I have to admit there were a few herbs I didn’t get to on the list as I was distracted by the large variety of hawthorn trees planted on site. While I was walking through the hawthorn section of the arboretum I came across Craetagus Pinnatifida which is the large fruited crataegus cultivated in China for use in the treatment of food stagnation. This disorder usually manifests as epigastric and abdominal distention and pain with poorly digested food in the stools. Other uses for the fruit are chronic dysentery like disorders, post partum lower abdominal pain and more recently for hypertension, coronary artery disease and elevated cholesterol. The fruit , referred to as Shan Zha is sliced and dried to be added into formulas or used on its own as the main ingredient in jams, jellies, dried fruit leather, wine, or syrups. Note that one popular text discouraged the use of eating large amounts of this fruit during pregnancy for fear it could damage the fetus. Ninety different crataegus species are listed in the arboretum’s plant inventory database; evidently Charles Sprague Sargent the first director of the Arnold Arboretum had a strong interest in hawthorn trees. If you plan to visit the Arnold Arboretum they provide a searchable inventory on their website of all the plants in their collection. On the inventory list they provide grid coordinates that can be used to locate any particular tree on the property. Various species of crataegus with similar medicinal properties can be found fruiting in the fall around Seattle though I’ve yet to locate the large fruited Pinnatifida. I guess I’ll have to search out some seeds and start my own orchard. I’m also inspired to come up with my own walking guide to Chinese medicinals in the Washington Park Arboretum as I’ve observed they have a pretty extensive collection of correct tree species from which various herbs in the Chinese Materia Medica are harvested.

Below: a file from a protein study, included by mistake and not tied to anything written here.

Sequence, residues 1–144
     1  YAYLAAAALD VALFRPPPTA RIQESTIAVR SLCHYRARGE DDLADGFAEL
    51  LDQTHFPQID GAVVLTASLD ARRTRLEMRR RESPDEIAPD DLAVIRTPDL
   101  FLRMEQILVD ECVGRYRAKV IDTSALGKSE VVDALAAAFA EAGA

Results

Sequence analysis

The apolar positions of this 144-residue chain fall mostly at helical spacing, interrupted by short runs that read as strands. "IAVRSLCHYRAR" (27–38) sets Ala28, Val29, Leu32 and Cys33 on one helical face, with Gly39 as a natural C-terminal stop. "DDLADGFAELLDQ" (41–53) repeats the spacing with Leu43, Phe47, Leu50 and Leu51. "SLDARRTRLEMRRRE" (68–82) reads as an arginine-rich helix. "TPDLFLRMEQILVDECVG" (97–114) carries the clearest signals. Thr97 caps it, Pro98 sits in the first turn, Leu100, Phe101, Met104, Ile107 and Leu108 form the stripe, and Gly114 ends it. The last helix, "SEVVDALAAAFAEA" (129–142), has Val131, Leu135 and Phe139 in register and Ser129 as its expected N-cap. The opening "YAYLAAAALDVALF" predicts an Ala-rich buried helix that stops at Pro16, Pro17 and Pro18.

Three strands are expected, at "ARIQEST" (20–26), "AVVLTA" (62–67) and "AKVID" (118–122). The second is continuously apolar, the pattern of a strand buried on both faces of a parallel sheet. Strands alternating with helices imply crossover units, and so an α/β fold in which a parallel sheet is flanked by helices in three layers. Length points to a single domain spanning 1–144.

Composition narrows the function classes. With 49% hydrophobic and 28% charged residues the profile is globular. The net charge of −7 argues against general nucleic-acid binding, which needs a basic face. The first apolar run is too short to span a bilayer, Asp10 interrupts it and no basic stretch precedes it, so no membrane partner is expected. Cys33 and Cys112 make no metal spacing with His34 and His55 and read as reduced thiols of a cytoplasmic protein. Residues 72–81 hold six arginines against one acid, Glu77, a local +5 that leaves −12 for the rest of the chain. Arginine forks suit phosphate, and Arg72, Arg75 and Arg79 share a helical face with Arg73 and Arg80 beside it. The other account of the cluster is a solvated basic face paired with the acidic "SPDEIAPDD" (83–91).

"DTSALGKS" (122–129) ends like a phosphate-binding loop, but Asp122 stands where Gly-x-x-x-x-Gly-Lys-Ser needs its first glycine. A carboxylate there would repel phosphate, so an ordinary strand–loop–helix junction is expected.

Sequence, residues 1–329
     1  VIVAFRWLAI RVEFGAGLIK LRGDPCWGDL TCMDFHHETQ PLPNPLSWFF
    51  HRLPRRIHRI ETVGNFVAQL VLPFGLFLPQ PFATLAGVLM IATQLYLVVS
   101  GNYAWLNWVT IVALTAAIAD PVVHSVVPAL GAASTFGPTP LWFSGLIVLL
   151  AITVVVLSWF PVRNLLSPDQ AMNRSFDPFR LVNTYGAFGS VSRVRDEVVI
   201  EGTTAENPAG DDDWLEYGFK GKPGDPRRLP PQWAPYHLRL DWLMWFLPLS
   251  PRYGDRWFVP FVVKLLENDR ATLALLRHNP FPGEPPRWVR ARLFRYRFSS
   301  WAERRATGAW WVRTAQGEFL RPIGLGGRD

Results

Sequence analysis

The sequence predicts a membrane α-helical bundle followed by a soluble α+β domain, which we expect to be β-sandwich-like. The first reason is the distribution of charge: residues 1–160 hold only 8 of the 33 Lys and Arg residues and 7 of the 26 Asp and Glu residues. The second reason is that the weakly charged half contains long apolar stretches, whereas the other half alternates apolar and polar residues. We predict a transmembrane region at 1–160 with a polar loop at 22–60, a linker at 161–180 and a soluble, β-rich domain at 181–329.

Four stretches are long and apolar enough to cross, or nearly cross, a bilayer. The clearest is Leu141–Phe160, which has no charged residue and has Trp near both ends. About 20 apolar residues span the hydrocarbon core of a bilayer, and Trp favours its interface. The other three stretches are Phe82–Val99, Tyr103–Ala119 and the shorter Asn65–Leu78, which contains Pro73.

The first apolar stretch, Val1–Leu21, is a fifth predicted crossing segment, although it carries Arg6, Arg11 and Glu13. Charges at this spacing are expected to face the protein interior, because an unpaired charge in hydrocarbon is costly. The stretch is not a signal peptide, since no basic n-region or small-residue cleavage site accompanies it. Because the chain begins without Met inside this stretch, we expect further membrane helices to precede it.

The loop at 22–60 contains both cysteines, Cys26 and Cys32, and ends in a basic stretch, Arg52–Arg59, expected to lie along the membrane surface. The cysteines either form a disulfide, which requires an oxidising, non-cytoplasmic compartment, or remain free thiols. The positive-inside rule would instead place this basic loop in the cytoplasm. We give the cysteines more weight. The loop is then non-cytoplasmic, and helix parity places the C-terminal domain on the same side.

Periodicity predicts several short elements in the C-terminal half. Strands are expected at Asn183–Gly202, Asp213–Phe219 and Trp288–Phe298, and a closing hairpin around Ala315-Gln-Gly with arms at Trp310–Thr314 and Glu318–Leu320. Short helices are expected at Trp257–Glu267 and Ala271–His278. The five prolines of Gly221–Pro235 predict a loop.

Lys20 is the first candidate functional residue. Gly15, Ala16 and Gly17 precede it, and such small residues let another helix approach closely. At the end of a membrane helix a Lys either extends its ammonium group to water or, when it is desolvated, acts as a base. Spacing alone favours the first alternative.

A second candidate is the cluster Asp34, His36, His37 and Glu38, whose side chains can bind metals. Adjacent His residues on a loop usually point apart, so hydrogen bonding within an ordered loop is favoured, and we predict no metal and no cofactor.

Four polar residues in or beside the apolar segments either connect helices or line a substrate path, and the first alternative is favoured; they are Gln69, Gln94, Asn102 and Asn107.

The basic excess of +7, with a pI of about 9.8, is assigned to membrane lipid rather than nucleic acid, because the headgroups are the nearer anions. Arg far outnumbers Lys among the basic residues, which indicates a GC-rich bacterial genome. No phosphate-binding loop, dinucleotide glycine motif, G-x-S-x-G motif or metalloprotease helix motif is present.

-written by Matt Ferguson, LAc